The city had already largely stopped pursuing encampment removals, per guidance by the Centers for Disease Control and Prevention, but the controversial team’s cancellation caused heartburn for people worried about growing outdoor encampments.  

The growing and desperate conditions of encampments outside had become too acute to ignore, Daugaard said, and doing nothing was making it worse. 

“It was our diagnosis that this was not acceptable and also not viable,” Daugaard said. “The city, the region would break if that is the actual stance of our public institutions to leave people out there.” 


While it’s too early to tell how effective the program will be long-term, so far, JustCARE has won the support of the Downtown Seattle Association, which represents businesses in the heart of the city and has characterized the need to reduce encampments as “urgent.” 

“JustCare is thoughtful and timely investment in a coordinated response to people experiencing homelessness,” Downtown Seattle Association Vice-President Don Blakeney said in a statement. “By providing access to hotel and motel rooms, JustCare can work with people in a safe and stable environment.”

King County Councilmember Jeanne Kohl-Welles, the county council’s budget chair, also stressed the potential health emergency posed by looming winter temperatures and flu season. 

“It’s inhumane,” Kohl-Welles said of the current situation. “I mean, we’re getting into winter now. And the shelters can’t just take people in. The de-intensification centers don’t have infinite capacity.”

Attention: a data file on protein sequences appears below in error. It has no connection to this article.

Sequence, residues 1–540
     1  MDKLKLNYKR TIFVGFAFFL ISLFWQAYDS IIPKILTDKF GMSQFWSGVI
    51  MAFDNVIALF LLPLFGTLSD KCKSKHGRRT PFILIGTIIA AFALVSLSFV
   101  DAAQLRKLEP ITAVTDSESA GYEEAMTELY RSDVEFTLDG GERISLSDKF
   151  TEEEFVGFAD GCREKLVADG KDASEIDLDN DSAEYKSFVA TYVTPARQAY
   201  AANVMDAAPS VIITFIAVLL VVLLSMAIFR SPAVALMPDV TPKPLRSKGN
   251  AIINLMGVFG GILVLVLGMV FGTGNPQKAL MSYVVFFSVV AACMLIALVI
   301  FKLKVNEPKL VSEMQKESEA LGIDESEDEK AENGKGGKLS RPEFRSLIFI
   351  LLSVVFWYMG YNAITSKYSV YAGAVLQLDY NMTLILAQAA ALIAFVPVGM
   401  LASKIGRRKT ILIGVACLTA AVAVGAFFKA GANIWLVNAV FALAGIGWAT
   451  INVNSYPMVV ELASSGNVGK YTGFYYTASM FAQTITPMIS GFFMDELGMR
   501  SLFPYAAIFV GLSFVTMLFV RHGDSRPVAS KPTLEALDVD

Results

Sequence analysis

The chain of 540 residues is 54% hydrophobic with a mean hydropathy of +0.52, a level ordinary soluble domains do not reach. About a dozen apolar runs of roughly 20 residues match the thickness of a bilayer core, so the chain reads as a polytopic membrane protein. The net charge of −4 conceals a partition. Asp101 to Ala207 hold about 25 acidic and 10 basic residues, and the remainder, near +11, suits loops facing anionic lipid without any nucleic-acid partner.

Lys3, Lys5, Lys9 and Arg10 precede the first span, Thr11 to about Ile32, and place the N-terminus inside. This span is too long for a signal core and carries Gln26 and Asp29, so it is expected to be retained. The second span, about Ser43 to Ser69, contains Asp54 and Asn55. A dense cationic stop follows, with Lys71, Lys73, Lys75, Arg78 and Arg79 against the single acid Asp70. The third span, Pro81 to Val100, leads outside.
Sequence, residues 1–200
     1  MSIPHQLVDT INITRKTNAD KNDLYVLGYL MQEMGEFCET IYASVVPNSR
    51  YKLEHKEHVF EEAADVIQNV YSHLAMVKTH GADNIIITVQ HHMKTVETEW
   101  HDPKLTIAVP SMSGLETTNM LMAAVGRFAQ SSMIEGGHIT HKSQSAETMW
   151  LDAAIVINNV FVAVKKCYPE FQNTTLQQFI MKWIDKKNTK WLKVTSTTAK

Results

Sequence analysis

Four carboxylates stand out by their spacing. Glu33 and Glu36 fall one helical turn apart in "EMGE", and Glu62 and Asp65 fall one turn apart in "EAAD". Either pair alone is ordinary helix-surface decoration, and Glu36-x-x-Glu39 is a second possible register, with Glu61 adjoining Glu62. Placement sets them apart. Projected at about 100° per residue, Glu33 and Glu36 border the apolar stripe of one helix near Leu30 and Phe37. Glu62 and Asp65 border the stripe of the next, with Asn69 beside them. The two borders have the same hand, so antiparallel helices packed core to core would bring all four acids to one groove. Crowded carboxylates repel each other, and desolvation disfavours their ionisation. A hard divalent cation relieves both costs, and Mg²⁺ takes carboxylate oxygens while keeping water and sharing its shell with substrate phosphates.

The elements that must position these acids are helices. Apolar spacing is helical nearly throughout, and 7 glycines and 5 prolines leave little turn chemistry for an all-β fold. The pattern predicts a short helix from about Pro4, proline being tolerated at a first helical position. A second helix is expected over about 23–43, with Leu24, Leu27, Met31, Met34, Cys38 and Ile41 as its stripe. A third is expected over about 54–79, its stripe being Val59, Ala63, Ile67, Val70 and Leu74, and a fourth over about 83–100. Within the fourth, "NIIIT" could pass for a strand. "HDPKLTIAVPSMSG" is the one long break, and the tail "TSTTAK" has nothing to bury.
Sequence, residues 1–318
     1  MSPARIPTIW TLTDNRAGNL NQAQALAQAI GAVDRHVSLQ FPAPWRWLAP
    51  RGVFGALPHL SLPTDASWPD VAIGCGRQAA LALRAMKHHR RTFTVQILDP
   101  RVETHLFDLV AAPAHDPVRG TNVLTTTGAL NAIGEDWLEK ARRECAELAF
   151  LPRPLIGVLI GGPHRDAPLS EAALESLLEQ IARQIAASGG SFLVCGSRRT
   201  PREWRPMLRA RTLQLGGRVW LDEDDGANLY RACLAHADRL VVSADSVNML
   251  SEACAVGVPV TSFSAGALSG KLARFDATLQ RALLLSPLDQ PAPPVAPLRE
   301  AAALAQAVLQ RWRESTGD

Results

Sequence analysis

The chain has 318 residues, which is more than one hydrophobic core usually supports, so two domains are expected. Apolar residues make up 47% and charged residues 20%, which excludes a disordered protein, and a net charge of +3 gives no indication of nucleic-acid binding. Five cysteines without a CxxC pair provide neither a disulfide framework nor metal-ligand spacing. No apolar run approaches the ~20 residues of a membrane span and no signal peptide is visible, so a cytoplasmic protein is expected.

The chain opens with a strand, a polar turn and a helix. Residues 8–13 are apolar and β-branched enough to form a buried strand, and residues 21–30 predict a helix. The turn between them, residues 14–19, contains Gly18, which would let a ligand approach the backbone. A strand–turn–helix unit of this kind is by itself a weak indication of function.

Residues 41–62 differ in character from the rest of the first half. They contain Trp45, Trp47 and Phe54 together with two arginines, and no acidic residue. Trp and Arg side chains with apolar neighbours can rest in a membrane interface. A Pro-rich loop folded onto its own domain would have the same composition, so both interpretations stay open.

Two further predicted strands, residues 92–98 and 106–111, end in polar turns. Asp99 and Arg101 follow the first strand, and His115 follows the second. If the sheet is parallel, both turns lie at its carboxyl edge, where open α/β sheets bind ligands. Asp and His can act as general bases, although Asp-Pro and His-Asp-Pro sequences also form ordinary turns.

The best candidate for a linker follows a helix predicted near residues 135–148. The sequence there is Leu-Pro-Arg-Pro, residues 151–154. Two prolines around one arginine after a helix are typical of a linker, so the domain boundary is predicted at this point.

Despite using public funding, the Public Defender Association declined to share the addresses of the hotels with The Seattle Times.  

The organization said it worried about drawing negative attention to the sites and wanted to prevent people from showing up at the door and asking for resources. 


As of mid-November, 78 people at the 8th Avenue South and South Jackson Street site had been evaluated for hotel placements, and 40 were given hotel rooms. The coalition has touted photos of what the area looked like before they started work there and what it looks like after four weeks as a case for how the approach could be effective at more encampments. 

The site, which experienced a Navigation Team encampment removal as recently as May, had roughly 60 tents and structures at the beginning of October, according to outreach workers. A little over a month later, there were 13 left.  

The other difference from resources offered to people in encampments before, according to the organizations involved, is the quality of the transitional shelter and support. At the hotels, staff are present 24-7. There are welcome kits, three meals a day and a health care provider onsite. There’s privacy — individual bathrooms and doors that close. The organizations staffing the hotels have worked with Black, Indigenous and other people of color who disproportionately suffer from homelessness in the neighborhood. 

“Oftentimes when we deliver care, we have forgotten to start with a truly caring approach,” said Victor Loo, director of the Practice Innovation program at Asian Counseling and Referral Service.  

Still, the connection between a hotel room and permanent housing isn’t necessarily a direct line. Getting onto the county’s housing priority list can be exceedingly difficult and often people wait months for available housing. Daugaard and others are hopeful that JustCARE can be connected to the county’s new effort to create thousands of permanent supportive housing units through a new 0.1% sales tax to speed up that connection.  

They face a ticking clock. Although the CARES Act money expires Dec. 30, the county agreed to fund another month through Jan. 31. 

Daugaard acknowledges that without certainty about future funding — federal or otherwise — it’s difficult to say how long people will be able to stay in the hotels.